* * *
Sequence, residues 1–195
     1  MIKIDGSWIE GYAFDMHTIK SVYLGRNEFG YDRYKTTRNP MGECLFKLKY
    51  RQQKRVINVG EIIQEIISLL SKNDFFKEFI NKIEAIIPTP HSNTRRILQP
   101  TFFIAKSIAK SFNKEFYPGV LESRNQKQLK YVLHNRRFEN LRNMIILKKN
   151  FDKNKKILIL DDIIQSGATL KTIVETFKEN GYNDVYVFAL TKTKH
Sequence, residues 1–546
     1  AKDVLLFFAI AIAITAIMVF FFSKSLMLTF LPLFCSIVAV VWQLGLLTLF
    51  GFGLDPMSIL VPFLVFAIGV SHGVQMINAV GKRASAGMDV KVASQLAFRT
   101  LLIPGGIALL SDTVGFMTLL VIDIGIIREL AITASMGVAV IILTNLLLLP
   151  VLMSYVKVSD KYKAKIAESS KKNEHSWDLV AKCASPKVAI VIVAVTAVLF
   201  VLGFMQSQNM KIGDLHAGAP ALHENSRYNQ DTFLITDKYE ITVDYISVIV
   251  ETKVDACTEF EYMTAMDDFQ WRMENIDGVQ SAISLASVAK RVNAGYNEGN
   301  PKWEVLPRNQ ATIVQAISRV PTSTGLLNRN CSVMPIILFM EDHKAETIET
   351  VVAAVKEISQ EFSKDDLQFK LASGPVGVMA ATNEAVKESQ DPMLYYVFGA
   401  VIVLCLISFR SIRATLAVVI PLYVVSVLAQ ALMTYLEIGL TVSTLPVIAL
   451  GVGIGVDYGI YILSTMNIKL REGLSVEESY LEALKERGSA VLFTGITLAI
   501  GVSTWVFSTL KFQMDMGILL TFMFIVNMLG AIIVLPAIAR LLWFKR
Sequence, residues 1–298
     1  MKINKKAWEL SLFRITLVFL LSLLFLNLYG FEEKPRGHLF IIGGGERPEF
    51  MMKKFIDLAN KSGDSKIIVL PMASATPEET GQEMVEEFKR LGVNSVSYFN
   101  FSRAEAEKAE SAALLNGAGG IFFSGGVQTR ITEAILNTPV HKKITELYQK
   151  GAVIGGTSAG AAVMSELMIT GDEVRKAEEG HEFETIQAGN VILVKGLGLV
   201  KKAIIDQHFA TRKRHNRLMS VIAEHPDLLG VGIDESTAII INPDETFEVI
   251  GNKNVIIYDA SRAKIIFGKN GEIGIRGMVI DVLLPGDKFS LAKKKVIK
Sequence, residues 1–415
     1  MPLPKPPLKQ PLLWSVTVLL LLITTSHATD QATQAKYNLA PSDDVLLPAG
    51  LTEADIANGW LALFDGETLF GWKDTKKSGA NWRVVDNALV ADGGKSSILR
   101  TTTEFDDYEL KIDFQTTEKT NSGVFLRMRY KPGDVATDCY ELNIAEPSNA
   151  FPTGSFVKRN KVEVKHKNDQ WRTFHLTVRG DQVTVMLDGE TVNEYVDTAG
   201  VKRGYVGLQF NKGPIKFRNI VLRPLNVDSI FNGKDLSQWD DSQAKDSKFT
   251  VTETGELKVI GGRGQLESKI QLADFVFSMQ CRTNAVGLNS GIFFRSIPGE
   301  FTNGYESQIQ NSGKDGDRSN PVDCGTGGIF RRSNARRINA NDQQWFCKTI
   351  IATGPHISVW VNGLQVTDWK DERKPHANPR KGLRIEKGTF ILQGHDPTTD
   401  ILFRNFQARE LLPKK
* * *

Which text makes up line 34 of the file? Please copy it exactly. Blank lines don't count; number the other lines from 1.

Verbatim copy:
   401  ILFRNFQARE LLPKK